Campaigners clash over Sun referendum debate

"We oppose this motion because we are fed up of being told what offends ethnic minorities."

Christina Scott and Richaa Hoysala are opposing the motion to remove The Sun from Yourshop

Last night’s referendum debate saw the coordinators of both the Yes and No campaigns for all four motions argue their case and respond to questions from the floor.

The proposal to remove The Sun from Yourshop, spearheaded by Helena Horton, saw the most debate of all the proposed motions. Horton clarified that the motion did not propose to ban The Sun from campus, but to stop selling it in Yourshop. She and Josef Crowther, seconder of the campaign, outlined their objections to The Sun, that it “dehumanises women and minorities”, “runs contrary to the basic principles that YUSU should aspire to” and that the newspaper should “not be supported by a student-run shop”.

Sophie Walker, coordinator of the No campaign, stated that she was “standing up for common sense” and that policy should not be dictated by a “small vocal minority”. She also raised the issue of classism, stating that “we’re judging people who read The Sun and sending a message that we don’t want these people on campus”.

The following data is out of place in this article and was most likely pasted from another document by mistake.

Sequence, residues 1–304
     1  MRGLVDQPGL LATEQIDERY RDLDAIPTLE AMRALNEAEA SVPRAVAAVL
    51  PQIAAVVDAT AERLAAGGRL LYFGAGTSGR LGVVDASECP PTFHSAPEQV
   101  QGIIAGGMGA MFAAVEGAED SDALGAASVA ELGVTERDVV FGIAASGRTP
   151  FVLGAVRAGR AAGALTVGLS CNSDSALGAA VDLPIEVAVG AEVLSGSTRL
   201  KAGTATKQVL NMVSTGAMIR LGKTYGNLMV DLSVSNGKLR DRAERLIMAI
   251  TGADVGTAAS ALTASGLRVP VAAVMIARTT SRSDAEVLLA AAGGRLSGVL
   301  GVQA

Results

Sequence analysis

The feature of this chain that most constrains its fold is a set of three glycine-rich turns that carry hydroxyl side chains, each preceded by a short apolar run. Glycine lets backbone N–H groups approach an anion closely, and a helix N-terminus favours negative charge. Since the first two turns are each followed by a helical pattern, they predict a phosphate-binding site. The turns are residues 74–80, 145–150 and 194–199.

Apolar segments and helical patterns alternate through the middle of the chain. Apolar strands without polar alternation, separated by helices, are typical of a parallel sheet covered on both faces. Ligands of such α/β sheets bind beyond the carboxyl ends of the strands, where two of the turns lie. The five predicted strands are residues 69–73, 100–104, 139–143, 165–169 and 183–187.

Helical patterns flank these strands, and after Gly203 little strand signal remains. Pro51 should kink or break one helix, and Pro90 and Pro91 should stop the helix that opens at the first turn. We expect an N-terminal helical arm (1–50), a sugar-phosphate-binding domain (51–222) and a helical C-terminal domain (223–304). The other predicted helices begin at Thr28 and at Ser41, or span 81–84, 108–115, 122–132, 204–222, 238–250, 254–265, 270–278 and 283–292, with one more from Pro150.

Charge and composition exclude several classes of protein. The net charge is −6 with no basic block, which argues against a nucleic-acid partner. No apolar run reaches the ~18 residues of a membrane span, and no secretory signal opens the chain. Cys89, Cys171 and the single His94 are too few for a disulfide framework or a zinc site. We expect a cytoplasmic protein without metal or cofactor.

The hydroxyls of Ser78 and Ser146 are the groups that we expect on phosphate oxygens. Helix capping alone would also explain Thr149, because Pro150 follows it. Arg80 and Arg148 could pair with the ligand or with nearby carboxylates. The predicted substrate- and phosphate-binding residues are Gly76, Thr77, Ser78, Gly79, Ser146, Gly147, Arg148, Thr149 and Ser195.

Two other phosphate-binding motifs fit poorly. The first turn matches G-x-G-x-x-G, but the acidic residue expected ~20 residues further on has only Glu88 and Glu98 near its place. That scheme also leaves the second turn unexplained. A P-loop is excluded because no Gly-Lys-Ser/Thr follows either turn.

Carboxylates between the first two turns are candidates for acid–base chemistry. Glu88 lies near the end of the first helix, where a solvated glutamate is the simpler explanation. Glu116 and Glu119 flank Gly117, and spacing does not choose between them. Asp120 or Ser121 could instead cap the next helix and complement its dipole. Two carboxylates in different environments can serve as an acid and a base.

Alix Dixon, a member of the audience, questioned why the proposal only aimed to ban The Sun and excluded other publications which could be deemed harmful to women and argued for a motion addressing the “root cause of why women are oppressed”. Other members of the audience attacked the claim that The Sun was offensive to ethnic minorities, asking how many people the Yes campaign had spoken to in order to gain this information.